Administration and staff will study options and review research to select the initiative or actions that staff will learn about and implement to improve student learning in the goal area. The board can work with staff leadership to learn about the initiative and set the parameters for the selected actions (e.g. the initiative must have a proven track record; all teachers can implement the actions, etc.)
Whose Job Is It? Please discuss “Whose job is it?” in relation to the following task. Then click on “IASB Thoughts on Responsibilities” to review IASB’s thinking regarding best practice in this area. Identify the amount of professional development time the staff will need to learn skills or strategies to implement the initiative or actions and compare that need to the existing professional development time allocated in the school calendar. IASB Thoughts on Responsibilities
Administration and staff determine the amount of professional development time needed for staff to effectively learn new skills or strategies in order to implement the initiative or staff actions. The administration and staff would also compare the time needed to the amount of professional development time currently allocated each year.
IASB Thoughts on Responsibilities, continued The board could learn about time- related support needs and take appropriate action. For example, they could approve a recommendation from the superintendent to adopt a new school calendar that included increased staff development time (e.g. additional early release time, or add more staff development days, etc.)
Whose Job Is It? Please discuss “Whose job is it?” in relation to the following task. Then click on “IASB Thoughts on Responsibilities” to review IASB’s thinking regarding best practice in this area. Develop talking points to share with the community about the importance of additional staff development time (early dismissals, etc.) to help teachers strengthen instruction to ensure students graduate “college and career ready.” IASB Thoughts on Responsibilities
This can be an important task for the board/superintendent team. Together with staff leadership at the board table, the board team could develop talking points to help communicate with their public the need for more staff development time.
IASB Thoughts on Responsibilities, continued Talking points will be based upon the board members’ shared understanding of college and career readiness and the need for more professional development for staff to learn instructional skills and strategies to achieve the goal.
Directions Before you continue, consider and discuss the following questions as a group: 1.In general, how would you describe the school board’s roles in relation to improving student learning? 2.Describe, in general terms, what your board team sees as the board’s various roles to ensuring all children learn at high levels. 3.How can the board team make a significant difference in student learning by demonstrating active leadership while operating at the governance level?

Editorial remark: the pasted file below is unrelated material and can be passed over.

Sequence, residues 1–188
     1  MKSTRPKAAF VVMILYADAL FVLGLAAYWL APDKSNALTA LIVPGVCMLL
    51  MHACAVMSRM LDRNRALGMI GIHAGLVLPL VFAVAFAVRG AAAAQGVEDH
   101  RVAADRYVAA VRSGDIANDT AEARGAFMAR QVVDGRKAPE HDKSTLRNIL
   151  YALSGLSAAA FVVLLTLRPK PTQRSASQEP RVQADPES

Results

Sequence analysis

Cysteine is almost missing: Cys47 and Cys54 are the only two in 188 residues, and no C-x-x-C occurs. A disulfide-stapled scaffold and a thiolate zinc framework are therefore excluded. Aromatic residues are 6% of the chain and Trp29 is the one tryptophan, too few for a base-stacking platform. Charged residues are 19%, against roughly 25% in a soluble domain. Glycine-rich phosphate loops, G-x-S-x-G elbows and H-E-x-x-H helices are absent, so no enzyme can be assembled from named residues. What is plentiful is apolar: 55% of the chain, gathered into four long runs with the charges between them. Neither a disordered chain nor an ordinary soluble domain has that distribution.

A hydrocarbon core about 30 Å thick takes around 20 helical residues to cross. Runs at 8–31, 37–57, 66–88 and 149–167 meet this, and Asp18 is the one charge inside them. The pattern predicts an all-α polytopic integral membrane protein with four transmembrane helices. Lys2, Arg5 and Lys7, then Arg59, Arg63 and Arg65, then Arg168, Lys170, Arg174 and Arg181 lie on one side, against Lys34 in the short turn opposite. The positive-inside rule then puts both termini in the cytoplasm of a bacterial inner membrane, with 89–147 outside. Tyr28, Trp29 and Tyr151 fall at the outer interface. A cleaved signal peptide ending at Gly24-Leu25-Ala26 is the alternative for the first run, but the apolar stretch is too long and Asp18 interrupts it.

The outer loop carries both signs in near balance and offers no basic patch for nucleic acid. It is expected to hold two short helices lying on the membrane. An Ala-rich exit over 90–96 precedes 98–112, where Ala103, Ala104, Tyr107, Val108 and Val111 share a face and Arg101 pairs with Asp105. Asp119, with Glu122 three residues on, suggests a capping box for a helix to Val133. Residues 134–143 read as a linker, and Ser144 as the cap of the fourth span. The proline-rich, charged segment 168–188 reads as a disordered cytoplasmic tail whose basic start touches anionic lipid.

IASB’s Key Roles of the Board for Improving Student Learning The Iowa Lighthouse Research studies identify five main leadership roles of the board in improving student learning, along with some sample actions of the board within those roles. Click on each role on the next slide to see more information. See handout p. 5-6
The Board’s Role IASB Lighthouse Research Set Clear Expectations Hold the System Accountable for Progress Create Conditions for Success Build the Collective Will Learn Together as a Board Team Click each box to see an explanation of the role
Set Clear Expectations Identify the greatest learning needs and set clear, high expectations and improvement goal(s) for all students. See handout p. 5-6 Click here to return to the previous slide
Hold the System Accountable for Progress Learn about and approve indicators of progress toward the expectations and improvement goal. Schedule time to regularly hear reports, and dialogue with staff leadership as key parts of the monitoring process. See handout p. 5-6 Click here to return to the previous slide
Create Conditions for Success Demonstrate commitment (e.g. staying the course over time, sticking with the priorities, etc.) and approve and allocate financial resources and other supports to achieve the improvement goal(s). See handout p. 5-6 Click here to return to the previous slide
Build the Collective Will Instill a belief in the importance of and the possibility of achieving the improvement goal. See handout p. 5-6 Click here to return to the previous slide
Learn Together as a Board Team Learning together to provide powerful leadership for the district will increase the district’s ability to reach its improvement goal and to maximize the effectiveness of the board team’s leadership in decision-making. See handout p. 5-6